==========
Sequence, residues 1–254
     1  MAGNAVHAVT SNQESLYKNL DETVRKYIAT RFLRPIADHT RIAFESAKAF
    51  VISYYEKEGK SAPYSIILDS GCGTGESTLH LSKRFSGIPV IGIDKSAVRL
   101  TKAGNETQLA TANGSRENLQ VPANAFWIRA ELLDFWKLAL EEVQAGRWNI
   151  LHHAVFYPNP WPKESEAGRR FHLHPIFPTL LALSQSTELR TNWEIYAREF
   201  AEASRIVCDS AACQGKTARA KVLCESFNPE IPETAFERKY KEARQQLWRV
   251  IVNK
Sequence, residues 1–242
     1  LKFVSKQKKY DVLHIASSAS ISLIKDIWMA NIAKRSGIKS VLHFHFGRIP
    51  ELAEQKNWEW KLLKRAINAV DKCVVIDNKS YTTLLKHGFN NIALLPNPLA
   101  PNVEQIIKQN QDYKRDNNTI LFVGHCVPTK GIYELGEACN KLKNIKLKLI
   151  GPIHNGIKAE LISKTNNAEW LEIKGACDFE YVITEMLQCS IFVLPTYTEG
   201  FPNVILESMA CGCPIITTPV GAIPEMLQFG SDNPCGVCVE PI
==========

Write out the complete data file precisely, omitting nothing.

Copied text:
Sequence, residues 1–254
     1  MAGNAVHAVT SNQESLYKNL DETVRKYIAT RFLRPIADHT RIAFESAKAF
    51  VISYYEKEGK SAPYSIILDS GCGTGESTLH LSKRFSGIPV IGIDKSAVRL
   101  TKAGNETQLA TANGSRENLQ VPANAFWIRA ELLDFWKLAL EEVQAGRWNI
   151  LHHAVFYPNP WPKESEAGRR FHLHPIFPTL LALSQSTELR TNWEIYAREF
   201  AEASRIVCDS AACQGKTARA KVLCESFNPE IPETAFERKY KEARQQLWRV
   251  IVNK
Sequence, residues 1–242
     1  LKFVSKQKKY DVLHIASSAS ISLIKDIWMA NIAKRSGIKS VLHFHFGRIP
    51  ELAEQKNWEW KLLKRAINAV DKCVVIDNKS YTTLLKHGFN NIALLPNPLA
   101  PNVEQIIKQN QDYKRDNNTI LFVGHCVPTK GIYELGEACN KLKNIKLKLI
   151  GPIHNGIKAE LISKTNNAEW LEIKGACDFE YVITEMLQCS IFVLPTYTEG
   201  FPNVILESMA CGCPIITTPV GAIPEMLQFG SDNPCGVCVE PI